A soothing hush fills the terminal, the quiet anticipatory energy of travel. Then a pack of tardy travelers breaks the silence, dashing through the hall, roller bags clickety-clacking across the tile floor, anxious voices, this way, vamanos. They disappear through the glass doors.  If I see them again I’ll know they missed their bus.

I bite into my mystery meat tacos – as naked and sad as I’ve ever seen a taco – but at least they’re warm and salty.  My body craves anything that will absorb the volatile esters of last night’s New year’s binge – beer, wine, bubbly at the stroke of midnight, and the bag of 12 grapes, one for each second counting down to midnight. Thank god I stopped short of tequila shots.  I had a little bit of sense entering 2012. Maybe this bodes well for my new year, my new empty journal of musings, a clean slate, and penned into the first page:  my aspirations for a 2012 of creativity, connection, y corozon.

I look up from my snack, my book splayed open on the table, and there’s Regina and her friend Luz, two tables down from me, now heading straight toward me smiling behind movie star shades:  a late night for them too.   We failed to connect last night – my text message never reached them – so we were meant to run into each other at the station today, obviously, just before our departures from Gto.
We share new year’s greetings and kisses, all agree there’s a karma to our last-minute rendezvous that we need to honor. We recommit to seeing each other in 2012 – in Leon, where Luz lives, or in DF where Regina lives, or perhaps in Michoacan where’s she’s starting her project. But please not Green River. I tell them one of my new year’s resolutions is to escape Rioverde as frequently as I can and connect with other people and places of Mexico – so when I finally go home home (wherever home may be by the end of the Peace Corps chapter), my picture of Mexico will a bit more complete.  I take the opportunity to share this possibility aloud with the muchachas, in clear, plain English, which makes me more accountable to live it.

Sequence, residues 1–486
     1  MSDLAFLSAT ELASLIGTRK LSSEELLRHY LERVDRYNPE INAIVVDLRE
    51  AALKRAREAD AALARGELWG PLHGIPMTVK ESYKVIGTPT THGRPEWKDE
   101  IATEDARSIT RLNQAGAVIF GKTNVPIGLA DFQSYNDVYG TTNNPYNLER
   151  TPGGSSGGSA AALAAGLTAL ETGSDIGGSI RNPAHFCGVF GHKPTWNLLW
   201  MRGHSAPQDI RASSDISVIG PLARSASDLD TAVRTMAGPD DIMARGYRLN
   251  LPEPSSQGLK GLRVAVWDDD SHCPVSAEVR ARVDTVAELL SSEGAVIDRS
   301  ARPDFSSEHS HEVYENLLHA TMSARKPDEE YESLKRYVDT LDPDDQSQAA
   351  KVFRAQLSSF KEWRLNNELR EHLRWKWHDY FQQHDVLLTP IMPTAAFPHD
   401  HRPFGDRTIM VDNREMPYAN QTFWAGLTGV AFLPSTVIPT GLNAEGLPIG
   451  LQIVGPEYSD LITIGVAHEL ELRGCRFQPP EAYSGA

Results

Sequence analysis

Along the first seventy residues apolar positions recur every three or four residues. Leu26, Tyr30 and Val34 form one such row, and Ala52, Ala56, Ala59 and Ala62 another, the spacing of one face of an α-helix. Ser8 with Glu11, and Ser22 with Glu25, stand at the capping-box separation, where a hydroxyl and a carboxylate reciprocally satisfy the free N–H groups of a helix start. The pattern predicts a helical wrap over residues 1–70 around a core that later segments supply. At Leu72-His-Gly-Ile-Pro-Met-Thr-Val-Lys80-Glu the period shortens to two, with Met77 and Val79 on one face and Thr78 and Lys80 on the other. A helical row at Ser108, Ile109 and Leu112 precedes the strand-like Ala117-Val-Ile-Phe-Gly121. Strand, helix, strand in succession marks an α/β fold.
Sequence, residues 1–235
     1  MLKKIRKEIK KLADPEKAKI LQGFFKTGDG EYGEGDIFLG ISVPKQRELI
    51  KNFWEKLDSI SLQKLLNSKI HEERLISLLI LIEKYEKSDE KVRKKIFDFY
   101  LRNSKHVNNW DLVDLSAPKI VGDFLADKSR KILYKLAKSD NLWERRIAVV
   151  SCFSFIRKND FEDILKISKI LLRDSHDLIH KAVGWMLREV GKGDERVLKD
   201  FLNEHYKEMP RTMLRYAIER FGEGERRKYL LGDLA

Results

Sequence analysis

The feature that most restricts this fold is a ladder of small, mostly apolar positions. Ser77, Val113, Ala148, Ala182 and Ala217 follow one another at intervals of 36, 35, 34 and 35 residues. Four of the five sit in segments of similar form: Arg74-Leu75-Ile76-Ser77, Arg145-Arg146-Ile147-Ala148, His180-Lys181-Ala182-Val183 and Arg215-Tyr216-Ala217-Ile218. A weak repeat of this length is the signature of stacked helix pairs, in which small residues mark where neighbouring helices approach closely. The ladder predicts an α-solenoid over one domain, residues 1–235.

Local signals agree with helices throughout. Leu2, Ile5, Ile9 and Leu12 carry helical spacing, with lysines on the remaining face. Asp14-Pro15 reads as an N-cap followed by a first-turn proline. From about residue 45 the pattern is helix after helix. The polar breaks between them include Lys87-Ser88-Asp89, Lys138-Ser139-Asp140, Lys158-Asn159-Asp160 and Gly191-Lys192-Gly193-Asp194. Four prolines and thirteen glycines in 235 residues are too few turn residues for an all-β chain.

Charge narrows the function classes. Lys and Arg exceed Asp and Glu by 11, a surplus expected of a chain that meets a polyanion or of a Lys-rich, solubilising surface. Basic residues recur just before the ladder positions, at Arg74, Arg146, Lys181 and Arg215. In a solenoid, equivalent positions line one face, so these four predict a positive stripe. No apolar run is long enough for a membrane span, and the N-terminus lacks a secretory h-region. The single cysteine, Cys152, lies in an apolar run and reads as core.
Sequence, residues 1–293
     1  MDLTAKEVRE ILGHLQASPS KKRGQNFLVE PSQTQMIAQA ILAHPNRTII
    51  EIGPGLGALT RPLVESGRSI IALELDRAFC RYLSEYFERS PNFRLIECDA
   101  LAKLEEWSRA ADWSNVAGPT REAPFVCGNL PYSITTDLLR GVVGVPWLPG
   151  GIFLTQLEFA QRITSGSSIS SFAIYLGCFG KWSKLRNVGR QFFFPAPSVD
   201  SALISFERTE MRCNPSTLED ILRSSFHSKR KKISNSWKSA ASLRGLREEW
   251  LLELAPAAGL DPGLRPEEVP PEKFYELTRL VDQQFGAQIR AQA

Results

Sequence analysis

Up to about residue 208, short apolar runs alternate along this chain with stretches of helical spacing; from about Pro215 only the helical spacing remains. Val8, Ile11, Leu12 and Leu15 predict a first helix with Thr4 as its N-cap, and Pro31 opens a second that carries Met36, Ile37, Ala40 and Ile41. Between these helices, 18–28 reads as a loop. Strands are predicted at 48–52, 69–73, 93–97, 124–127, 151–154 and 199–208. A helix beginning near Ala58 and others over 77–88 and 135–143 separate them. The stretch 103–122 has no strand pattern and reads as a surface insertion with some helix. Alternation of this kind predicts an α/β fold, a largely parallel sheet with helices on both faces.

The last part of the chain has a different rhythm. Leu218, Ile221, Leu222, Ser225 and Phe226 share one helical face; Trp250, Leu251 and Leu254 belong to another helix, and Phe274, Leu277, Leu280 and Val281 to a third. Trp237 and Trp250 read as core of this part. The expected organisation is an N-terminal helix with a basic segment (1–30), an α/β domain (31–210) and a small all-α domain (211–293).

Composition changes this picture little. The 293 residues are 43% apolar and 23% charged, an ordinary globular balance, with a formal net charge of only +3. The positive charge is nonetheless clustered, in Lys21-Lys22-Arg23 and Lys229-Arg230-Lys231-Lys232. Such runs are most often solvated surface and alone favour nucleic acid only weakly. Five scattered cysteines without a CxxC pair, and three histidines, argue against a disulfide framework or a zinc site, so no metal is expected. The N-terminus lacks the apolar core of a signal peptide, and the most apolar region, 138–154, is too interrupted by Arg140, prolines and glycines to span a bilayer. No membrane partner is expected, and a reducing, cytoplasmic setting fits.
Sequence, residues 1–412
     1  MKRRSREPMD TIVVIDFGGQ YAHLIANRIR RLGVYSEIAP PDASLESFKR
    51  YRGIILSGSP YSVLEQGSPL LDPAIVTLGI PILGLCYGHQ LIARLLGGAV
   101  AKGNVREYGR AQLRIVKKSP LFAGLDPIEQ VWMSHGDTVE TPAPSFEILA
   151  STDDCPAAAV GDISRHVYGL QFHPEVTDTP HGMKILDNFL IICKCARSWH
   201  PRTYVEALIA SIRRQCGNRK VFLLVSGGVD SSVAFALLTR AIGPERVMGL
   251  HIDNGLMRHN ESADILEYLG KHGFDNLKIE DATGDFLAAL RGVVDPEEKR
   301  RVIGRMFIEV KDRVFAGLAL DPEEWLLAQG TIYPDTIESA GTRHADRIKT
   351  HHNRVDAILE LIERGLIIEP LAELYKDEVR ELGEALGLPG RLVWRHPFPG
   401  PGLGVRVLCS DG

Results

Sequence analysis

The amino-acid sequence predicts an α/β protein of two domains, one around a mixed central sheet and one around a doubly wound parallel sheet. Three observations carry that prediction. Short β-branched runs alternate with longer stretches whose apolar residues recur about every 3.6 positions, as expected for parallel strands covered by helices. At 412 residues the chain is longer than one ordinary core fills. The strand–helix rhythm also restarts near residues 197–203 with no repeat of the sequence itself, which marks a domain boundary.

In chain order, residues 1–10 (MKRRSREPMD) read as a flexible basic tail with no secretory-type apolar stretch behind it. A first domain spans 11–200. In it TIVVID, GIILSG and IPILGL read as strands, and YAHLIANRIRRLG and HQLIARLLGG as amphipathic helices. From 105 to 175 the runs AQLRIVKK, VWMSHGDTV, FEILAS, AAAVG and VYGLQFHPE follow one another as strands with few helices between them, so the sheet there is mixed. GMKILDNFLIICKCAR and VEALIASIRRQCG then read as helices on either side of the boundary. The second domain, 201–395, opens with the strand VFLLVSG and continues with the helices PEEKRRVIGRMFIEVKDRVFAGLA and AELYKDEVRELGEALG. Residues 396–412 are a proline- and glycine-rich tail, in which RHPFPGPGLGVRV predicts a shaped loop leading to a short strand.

Huh, I’m wearing one of Octavio Paz’s Mexican Masks ( Maybe I AM becoming Mexican, going native, adapting to my surroundings like a chameleon.  They say children of alcoholics learn to do this well. And how convenient a mask – hiding as I make my way down the street each day, so conspicuous – the people eying me – I feel their sideways glances -  what’s the gringa doing now? Running?! In this heat?  Is she loca?!

The problem is: the mask doesn’t work for long.  Perhaps I needed the distance in 2011 – time to reflect, recharge, reorient – so I would survive this experience. But that can’t last forever.  I can’t just turn-off my need to connect with others – like it’s a light switch and I’m saving energy.  Humans energize me; they are a life force.  (And yes, they also sap me.)

So I need to be more choosey – I can listen to my intuition about situations – and I can deal with the disappointment that will likely come by acknowledging it if it does come and not making myself wrong for ‘caring’ so much.  But I can’t turn-off such a vibrant part of me to protect myself from those feelings of sadness and loss that are inevitable. 

How do I work with them creatively, appreciatively, lovingly?

Yes, this is the stance for 2012. 

Thanks for Regina and Luz’s presence in the bus station to help me articulate that.  Thanks to Karen’s warm energy for illuminating this for me too.  Thanks to Gabriel at Todos Os Santos Hostel – and to Jeffery and Monica the black and white couple who invited me in to help celebrate their 40th wedding anniversary that coincided with new years.  I had a chance to see during these final days of 2011, in Gto, what I want for myself for this coming year.